1. It is extremely important that you clean your contact lenses every time before putting them on. Even your ophthalmologist will stress the importance of sticking to a strict lens care regime. Use a good quality contact lens solution to rinse and clean your lenses. Ensure that the solution is fresh in the lens case. For instance, when you put on your lens in the morning, drain the case, rinse it with fresh solution and leave it upside down to dry. Once it is completely dry, refill it with fresh contact lens solution.
    2. If you are wearing contact lenses for the first time, the very first challenge you will probably face is – how to put the lenses on. First, you need to wash your hands thoroughly. Next, you need to put the lens on your fingertip. It should be placed in a way that the contact should look like a little cup when held up against the light. Then, pull the upper eyelid upwards and bottom eyelid downwards to prevent blinking reaction. Look upwards and place the lens in your eye. Release the eyelids and close the eyes to allow the contact lens to settle. Repeat the same process with the other eye.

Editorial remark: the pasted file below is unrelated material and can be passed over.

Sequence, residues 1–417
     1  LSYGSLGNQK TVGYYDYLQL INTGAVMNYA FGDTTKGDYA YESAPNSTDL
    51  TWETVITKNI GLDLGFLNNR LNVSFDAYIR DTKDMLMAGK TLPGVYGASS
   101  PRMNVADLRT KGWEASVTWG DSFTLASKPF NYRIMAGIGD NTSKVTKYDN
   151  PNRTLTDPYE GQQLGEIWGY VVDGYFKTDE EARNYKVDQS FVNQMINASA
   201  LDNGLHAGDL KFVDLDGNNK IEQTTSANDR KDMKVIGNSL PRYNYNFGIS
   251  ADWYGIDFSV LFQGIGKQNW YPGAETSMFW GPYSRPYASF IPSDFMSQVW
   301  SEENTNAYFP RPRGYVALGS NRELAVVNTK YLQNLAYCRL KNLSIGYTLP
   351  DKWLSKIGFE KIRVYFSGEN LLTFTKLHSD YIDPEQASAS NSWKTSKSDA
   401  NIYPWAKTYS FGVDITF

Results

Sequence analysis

3. Make sure that you keep the contacts hydrated at both times – when in use and when stored in the case. If the contacts turn dry they can irritate your eyes. In case you use lenses for extended periods of time they are more prone to becoming dry. An ideal solution would be to always carry the contact lens solution wherever you go. This will keep you better prepared to hydrate the lenses so they are comfortable to wear and use.
    4. First time wearers may experience problems like irritation or blurry vision due to contact lenses. It might be due to certain reasons such as poor contact lens hygiene, accumulation of debris etc. If such problems persist for a longer period of time even after taking the right precautions, its best to consult your eye doctor immediately.
    5. It is important that you strictly follow your ophthalmologist’s instructions regarding the use and maintenance of your contact lenses. For instance the wearing and replacement schedule, follow-up appointments, solution prescribed for your lens etc.

    The above-listed tips are sure to help first time contact lens wearers get used to and handle their contact lenses appropriately. It is important to go for regular eye check-ups to ensure that you enjoy a healthy and perfect vision especially if you are wearing contact lenses. Our team of experts at Insight Vision Center can guide you on how best to use contact lenses for a perfect vision. Get in touch with us today.

    Chronic Fatigue Syndrome And Vision